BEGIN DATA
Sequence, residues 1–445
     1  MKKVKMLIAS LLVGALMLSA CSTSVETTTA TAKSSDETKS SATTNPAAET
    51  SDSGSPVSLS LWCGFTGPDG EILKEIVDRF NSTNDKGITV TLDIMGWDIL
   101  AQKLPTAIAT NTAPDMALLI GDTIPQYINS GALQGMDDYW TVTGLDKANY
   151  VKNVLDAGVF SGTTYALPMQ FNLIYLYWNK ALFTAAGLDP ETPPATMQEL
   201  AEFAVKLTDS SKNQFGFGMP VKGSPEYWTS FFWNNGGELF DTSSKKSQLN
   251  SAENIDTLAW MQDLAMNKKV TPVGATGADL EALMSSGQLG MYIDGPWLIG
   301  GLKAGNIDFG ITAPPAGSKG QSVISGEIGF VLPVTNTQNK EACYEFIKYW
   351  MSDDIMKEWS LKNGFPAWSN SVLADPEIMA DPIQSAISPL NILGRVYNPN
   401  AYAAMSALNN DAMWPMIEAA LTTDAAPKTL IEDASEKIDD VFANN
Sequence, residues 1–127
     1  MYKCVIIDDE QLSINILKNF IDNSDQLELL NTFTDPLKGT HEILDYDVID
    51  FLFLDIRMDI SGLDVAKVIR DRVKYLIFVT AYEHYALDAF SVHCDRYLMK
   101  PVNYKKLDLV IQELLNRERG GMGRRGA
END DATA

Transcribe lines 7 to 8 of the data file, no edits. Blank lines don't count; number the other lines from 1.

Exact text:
   251  SAENIDTLAW MQDLAMNKKV TPVGATGADL EALMSSGQLG MYIDGPWLIG
   301  GLKAGNIDFG ITAPPAGSKG QSVISGEIGF VLPVTNTQNK EACYEFIKYW